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For Immediate Release, Thursday, October 13, 2005
Contact: Kim Alexander, 916-441-2494
or Zabrae Valentine, 415-869-5904


Commonwealth Club, California Voter Foundation promote project to improve voter participation

Davis, CA – A new project is urging voters to participate in election "house parties" to help each other prepare to make informed, confident choices in the November 8th statewide special election. The Election House Parties project is a collaboration of the Commonwealth Club of California's Voices of Reform project and the California Voter Foundation (CVF), two nonpartisan groups dedicated to improving California civic participation and engagement. The organizations are encouraging California voters to host and attend house parties with friends, family, neighbors and colleagues where participants can easily discuss the eight ballot initiatives in a social setting. A guide to hosting a house party is available online at:

"Every election California voters are confronted with an array of difficult choices," said Kim Alexander, CVF’s president and founder. "Getting together with people you know and trust can help voters make confident decisions," she added, noting that a survey CVF conducted last year found that friends and family play a influential role among infrequent voters.

The Election House Parties project's web site outlines the steps involved in planning a house party and encourages potential hosts to start by setting a date. "Millions of Californians vote, and many wonder what more they can do to encourage greater participation," said Zabrae Valentine, Director of the Commonwealth Club's Voices of Reform project. "Simply inviting some friends over to thrash out the issues on the ballot is an easy, fun and affordable way to make a difference. It also increases the chances that those people will actually vote."

The November 8 ballot includes eight initiatives on topics such as redistricting, the state budget process and prescription drug costs. Alexander said, "Much of the information available to voters comes in the form of television commercials and campaign mailers, which are often designed to confuse and mislead voters." CVF's voter participation survey found nearly half of California's infrequent voters find election information hard to understand, nearly a third find it untrustworthy, and that confusion about the issues and difficulty sorting through voting information are leading reasons why many would-be voters sit on the sidelines at election time.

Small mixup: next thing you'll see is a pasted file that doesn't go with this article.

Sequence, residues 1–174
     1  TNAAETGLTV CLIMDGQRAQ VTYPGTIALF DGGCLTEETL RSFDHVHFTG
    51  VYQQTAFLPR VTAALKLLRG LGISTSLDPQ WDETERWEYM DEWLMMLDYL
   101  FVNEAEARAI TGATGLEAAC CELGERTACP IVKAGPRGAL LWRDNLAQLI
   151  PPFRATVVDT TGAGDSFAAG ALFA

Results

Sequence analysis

"A major problem in politics today is that people know they are being manipulated, and so they tune out. We want to have the opposite effect -- by providing easy access to accurate information and encouraging people to talk about the issues we hope to draw them in to the process," said Valentine. "Government needs their input." The Election House Parties project web site informs participants where they can find reliable, nonpartisan information in print and online. Valentine and Alexander stressed that the project is nonpartisan and designed to give participants a range of views on ballot measures. "Our goal is to empower people to make informed choices at the polls, whatever they may be," Alexander said.

The California Voter Foundation is a nonpartisan 501(c)(3) organization dedicated to advancing the responsible use of technology to improve the democratic process. More information about CVF is available online at

Voices of Reform is a special project of The Commonwealth Club of California, promoting state governance that is responsive, representative, and fiscally sound. The Commonwealth Club is the nation’s oldest and largest non-profit public affairs forum. Founded in 1903, the Club hosts speeches, debates and discussions on topics of regional, national and international interest. For more information, go to


Note: this news release has been updated to reflect new URLs for the Election House Party project resources referenced in the release.

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This page was first published on October 13 , 2005 | Last updated on May 23, 2006
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